As a graduate student, I’m required to have health insurance, and since I’m financing my education with student loans, this cost is becoming part of my student loan debt.

When I attempted to register for an Affordable Care Act plan, my student loan income was already considered debt and rendered me ineligible for the ACA. This debt, if it were considered income, would have allowed me to take part in the ACA.

Both the World Health Organization and International Federation of Social Workers consider health to be a human right. The ACA policy and Maine’s decision not to expand Medicaid are in direct conflict with the stance and the mission of the WHO and social workers’ federation.

The ACA is a good thing, albeit it is the right to “affordable” insurance, not the right to health or free health care. It’s a step in the right direction.

Graduate students are one of many groups excluded. We have health insurance, but we’re paying substantially more for it through the university than we would through the ACA, and we’ll be paying interest on it through student loan payments in the years to come.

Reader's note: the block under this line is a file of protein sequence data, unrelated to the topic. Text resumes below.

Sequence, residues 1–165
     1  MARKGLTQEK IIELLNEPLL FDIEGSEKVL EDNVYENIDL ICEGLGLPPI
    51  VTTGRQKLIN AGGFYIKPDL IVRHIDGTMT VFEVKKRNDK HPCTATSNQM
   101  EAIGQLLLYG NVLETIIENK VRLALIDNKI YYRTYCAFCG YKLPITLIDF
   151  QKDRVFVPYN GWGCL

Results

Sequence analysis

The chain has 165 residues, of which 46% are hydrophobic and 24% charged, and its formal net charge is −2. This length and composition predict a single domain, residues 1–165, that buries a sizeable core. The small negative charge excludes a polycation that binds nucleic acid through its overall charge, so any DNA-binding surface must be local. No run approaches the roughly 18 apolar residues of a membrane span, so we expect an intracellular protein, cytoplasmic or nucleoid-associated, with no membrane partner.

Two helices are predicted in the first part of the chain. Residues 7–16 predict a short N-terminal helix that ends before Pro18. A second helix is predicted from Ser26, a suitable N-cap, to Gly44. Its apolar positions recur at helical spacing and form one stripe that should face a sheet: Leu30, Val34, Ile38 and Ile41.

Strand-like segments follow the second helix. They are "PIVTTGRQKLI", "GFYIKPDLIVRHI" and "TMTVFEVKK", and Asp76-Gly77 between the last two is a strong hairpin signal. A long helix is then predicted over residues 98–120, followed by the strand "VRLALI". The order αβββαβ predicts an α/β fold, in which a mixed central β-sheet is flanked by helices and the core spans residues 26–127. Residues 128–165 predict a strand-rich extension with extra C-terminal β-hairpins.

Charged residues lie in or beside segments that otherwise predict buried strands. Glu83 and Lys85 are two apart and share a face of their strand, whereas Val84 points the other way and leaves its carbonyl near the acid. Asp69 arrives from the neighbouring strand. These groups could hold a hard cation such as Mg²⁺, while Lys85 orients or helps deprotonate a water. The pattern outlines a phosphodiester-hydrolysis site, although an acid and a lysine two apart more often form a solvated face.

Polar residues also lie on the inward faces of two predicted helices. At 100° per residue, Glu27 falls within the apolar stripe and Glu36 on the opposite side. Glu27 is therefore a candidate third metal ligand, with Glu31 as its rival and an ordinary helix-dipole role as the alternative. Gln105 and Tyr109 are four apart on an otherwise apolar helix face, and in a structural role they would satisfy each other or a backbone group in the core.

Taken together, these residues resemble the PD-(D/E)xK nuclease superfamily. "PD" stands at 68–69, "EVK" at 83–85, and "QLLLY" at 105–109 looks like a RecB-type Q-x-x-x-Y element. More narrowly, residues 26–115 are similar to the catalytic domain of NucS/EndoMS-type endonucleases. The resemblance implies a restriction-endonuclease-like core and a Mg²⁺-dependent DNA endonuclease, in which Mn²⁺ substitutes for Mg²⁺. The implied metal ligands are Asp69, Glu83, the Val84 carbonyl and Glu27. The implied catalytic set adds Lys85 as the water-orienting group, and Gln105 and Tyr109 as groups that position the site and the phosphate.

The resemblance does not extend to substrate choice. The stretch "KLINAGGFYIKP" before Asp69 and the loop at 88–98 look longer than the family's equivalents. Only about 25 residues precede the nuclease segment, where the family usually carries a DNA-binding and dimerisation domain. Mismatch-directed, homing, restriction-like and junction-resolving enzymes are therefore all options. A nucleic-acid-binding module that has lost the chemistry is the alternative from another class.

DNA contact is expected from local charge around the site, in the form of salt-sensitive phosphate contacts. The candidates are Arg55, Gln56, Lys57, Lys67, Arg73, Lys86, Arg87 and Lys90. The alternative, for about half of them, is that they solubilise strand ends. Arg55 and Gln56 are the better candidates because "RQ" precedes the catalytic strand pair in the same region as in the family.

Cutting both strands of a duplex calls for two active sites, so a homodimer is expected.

One of the goals of the ACA was to attract younger, healthier individuals to participate. The more young and healthy participants are encouraged to partake in the ACA program, the stronger it will be. This was a central tenet of the ACA’s initial rationale.

Beyond this, with all of the concern about nationally increasing student loan debt, allowing graduate students to take part in the ACA would make sense and would help take some pressure off student loan debt amounts.

My proposal is that graduate school loan income be considered income and not debt for the purpose of ACA health plan registration. It just makes sense.

Morgan Dorsey



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